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July 9, 2013 at 8:57 AM

Perception and reality: Justin Smoak and Kendrys Morales

Justin Smoak drills one of his two RBI doubles last night to help the Mariners rout the Boston Red Sox. Smoak is now running a higher OPS than Kendrys Morales. Photo Credit: AP

Justin Smoak drills one of his two RBI doubles last night to help the Mariners rout the Boston Red Sox. Smoak is now running a higher OPS than Kendrys Morales. Photo Credit: AP

Justin Smoak and Kendrys Morales are both first basemen for the Mariners who can double as a DH. For much of this season, we’ve heard a debate raging about whether the Mariners should try to sign Morales long-term, to a contract that would range anywhere from $15 million to $20 million per annum.

When it comes to Smoak, as recently as a week or two ago, there has been discussion about whether he fits into Seattle’s future plans.

As of this morning, here are the on-base-plus-slugging percentages of the two players:

Smoak: .788

Morales: .778

This is probably something worth discussing.

Look, I understand the hesitation with Smoak, given that he’s taken roughly three full seasons to get to this point with the Mariners. And if you try hard enough to find stats to knock him down with, you can come up with a few.

One go-to favorite among the anti-Smoak crowd is his batting average on balls in play (BABIP), which is at .331 compared to his career .267 mark. We’ll leave alone the fact that his career was lousy prior to this point, which would tend to make for a severe BABIP jump once he actually got a clue and started hitting. His line drive rate is 22.6 percent compared to 18.2 percent last year and 13.8 percent in 2011, which seems to suggest he’s actually figured something out.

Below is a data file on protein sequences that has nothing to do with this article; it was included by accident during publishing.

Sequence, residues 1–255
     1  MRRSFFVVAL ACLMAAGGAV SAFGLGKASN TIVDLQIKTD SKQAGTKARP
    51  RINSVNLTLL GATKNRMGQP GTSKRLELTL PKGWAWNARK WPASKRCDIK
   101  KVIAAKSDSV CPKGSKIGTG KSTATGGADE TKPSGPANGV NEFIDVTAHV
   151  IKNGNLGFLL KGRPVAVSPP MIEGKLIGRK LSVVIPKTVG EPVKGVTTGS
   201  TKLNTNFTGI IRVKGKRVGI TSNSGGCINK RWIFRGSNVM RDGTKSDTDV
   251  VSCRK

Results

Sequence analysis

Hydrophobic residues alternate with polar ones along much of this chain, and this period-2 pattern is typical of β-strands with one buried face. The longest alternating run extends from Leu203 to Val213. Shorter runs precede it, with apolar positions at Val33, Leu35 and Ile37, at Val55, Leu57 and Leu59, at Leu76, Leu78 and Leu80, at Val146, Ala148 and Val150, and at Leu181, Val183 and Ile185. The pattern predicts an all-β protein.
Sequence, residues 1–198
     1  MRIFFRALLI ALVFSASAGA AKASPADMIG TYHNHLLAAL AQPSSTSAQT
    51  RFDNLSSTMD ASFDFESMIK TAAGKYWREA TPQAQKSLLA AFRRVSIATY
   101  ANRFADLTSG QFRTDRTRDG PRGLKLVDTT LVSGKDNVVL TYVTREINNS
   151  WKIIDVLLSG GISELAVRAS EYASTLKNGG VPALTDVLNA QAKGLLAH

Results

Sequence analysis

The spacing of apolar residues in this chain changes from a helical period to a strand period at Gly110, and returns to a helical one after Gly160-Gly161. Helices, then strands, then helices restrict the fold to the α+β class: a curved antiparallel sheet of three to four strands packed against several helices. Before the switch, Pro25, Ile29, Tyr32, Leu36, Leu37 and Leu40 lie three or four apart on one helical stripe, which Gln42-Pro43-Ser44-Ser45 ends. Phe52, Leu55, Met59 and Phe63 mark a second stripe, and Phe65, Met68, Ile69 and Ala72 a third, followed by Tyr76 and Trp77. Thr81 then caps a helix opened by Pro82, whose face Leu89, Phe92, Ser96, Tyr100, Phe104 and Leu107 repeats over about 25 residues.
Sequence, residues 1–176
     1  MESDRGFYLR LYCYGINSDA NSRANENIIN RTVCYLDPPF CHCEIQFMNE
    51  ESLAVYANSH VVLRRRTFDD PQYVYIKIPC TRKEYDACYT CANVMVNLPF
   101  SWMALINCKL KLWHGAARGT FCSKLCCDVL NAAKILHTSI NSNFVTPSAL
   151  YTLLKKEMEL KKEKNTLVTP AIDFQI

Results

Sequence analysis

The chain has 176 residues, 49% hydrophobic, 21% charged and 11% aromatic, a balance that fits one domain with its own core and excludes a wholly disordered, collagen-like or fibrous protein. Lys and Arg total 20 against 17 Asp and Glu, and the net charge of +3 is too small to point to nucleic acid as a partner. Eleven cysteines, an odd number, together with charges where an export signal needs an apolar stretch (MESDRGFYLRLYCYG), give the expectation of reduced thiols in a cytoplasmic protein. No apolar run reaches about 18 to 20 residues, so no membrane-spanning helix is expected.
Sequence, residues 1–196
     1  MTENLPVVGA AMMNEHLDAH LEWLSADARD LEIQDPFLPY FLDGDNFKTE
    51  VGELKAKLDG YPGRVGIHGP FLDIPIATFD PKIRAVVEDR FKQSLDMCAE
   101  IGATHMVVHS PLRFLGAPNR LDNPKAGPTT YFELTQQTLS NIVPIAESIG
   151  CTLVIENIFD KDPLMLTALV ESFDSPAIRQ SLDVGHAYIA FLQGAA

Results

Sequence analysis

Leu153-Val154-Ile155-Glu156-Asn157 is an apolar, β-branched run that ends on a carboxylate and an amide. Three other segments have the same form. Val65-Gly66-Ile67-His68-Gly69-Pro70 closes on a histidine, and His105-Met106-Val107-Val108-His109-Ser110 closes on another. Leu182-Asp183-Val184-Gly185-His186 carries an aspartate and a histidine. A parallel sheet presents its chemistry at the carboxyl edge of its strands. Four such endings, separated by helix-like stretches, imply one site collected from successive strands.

But we’ll leave the BABIP argument alone for now and let it stand. Maybe he is a bit “lucky”.

Or not.

We can make all sorts of arguments that knock Morales down as well.

Let’s say this comes down to a choice between one or the other. And it very well might for a Mariners team that lately doesn’t like to spend a whole lot of money, as opposed to chasing after players with the supposed intent of laying out cash.

So, who do you take?

Morales is 30, Smoak is 26.

While Smoak may have struggled for three seasons, Morales broke his ankle and hasn’t been the same player since before Smoak was even traded to Seattle in July 2010.

Morales has a .336 OBP, while Smoak is at .369.

Defensively, Smoak looks to be the better player and can man the field more without coming up lame.

And, oh yeah, Morales will probably cost at least $15 million next year. Smoak? I dunno, $2 million in arbitration?

I don’t want to make this a Morales-bashing session because I do feel he’s a pretty good mid-order piece. He’s hitting .355 with runners is scoring position, compared to .163 for Smoak — a telling sign that he’s ready for prime time whereas Smoak is still feeling his way. You get that way when you’ve been weaned by a playoff contender in Anaheim as opposed to a cellar-dwellar in Seattle.

Still, those OPS numbers are tough to ignore. Especially when we can pretty much all agree that Smoak doesn’t look like come close to reaching his full potential yet. But we’ll see.

Anyhow, this post isn’t meant to play one guy off against the other. It’s possile the Mariners try to keep both to use as a first baseman and DH going forward.

Morales has a natural swing and is a pure hitter, regardless of his body-type.

But still, I figured it was time to get this debate in Seattle going a bit. Because the reality of what both guys have produced thus far is far too close to call compared to the perception of the two guys: of Morales being a keeper and Smoak a tentative maybe.

Who knows? Maybe it’s the whole familiarity thing with Smoak locally. Some type of “grass being greener elsewhere” psychology that makes an import like Morales sexier than the warts-and-all guy in Smoak we’ve all watched evolve here.

Still, if you removed the names and the RISP part and just showed the ages and baseline numbers of the two guys, I think we’d have much more spirited discussion about who we’d be giving the four-year, $65 million contract to.

Let’s hear your thoughts.

0 Comments | More in analysis | Topics: kendrys morales; justin smoak; OPS; RISP

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